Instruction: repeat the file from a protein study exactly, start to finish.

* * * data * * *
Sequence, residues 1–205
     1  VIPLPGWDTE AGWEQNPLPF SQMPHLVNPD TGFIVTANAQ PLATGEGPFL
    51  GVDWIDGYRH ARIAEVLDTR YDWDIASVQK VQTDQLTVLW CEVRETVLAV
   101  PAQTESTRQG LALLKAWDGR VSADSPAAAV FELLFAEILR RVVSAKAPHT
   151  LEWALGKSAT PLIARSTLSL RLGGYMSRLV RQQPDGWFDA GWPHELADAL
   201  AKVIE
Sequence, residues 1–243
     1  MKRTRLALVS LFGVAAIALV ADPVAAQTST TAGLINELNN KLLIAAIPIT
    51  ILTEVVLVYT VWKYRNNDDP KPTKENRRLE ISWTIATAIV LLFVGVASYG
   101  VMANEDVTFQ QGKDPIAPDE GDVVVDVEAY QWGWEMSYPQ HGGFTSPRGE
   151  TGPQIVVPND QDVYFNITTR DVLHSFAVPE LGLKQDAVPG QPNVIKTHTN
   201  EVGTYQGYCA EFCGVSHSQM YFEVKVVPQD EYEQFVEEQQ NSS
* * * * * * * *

Sequence, residues 1–205
     1  VIPLPGWDTE AGWEQNPLPF SQMPHLVNPD TGFIVTANAQ PLATGEGPFL
    51  GVDWIDGYRH ARIAEVLDTR YDWDIASVQK VQTDQLTVLW CEVRETVLAV
   101  PAQTESTRQG LALLKAWDGR VSADSPAAAV FELLFAEILR RVVSAKAPHT
   151  LEWALGKSAT PLIARSTLSL RLGGYMSRLV RQQPDGWFDA GWPHELADAL
   201  AKVIE
Sequence, residues 1–243
     1  MKRTRLALVS LFGVAAIALV ADPVAAQTST TAGLINELNN KLLIAAIPIT
    51  ILTEVVLVYT VWKYRNNDDP KPTKENRRLE ISWTIATAIV LLFVGVASYG
   101  VMANEDVTFQ QGKDPIAPDE GDVVVDVEAY QWGWEMSYPQ HGGFTSPRGE
   151  TGPQIVVPND QDVYFNITTR DVLHSFAVPE LGLKQDAVPG QPNVIKTHTN
   201  EVGTYQGYCA EFCGVSHSQM YFEVKVVPQD EYEQFVEEQQ NSS